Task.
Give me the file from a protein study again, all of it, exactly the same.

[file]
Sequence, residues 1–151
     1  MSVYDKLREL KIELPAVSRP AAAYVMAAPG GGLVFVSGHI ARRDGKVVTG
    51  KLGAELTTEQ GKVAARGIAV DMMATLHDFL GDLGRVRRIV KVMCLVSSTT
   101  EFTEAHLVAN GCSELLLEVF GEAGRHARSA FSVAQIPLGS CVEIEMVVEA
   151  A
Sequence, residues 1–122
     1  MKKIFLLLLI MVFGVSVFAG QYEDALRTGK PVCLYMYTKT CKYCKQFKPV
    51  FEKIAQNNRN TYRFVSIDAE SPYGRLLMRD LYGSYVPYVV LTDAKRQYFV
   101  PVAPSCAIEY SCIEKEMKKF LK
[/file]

Sequence, residues 1–151
     1  MSVYDKLREL KIELPAVSRP AAAYVMAAPG GGLVFVSGHI ARRDGKVVTG
    51  KLGAELTTEQ GKVAARGIAV DMMATLHDFL GDLGRVRRIV KVMCLVSSTT
   101  EFTEAHLVAN GCSELLLEVF GEAGRHARSA FSVAQIPLGS CVEIEMVVEA
   151  A
Sequence, residues 1–122
     1  MKKIFLLLLI MVFGVSVFAG QYEDALRTGK PVCLYMYTKT CKYCKQFKPV
    51  FEKIAQNNRN TYRFVSIDAE SPYGRLLMRD LYGSYVPYVV LTDAKRQYFV
   101  PVAPSCAIEY SCIEKEMKKF LK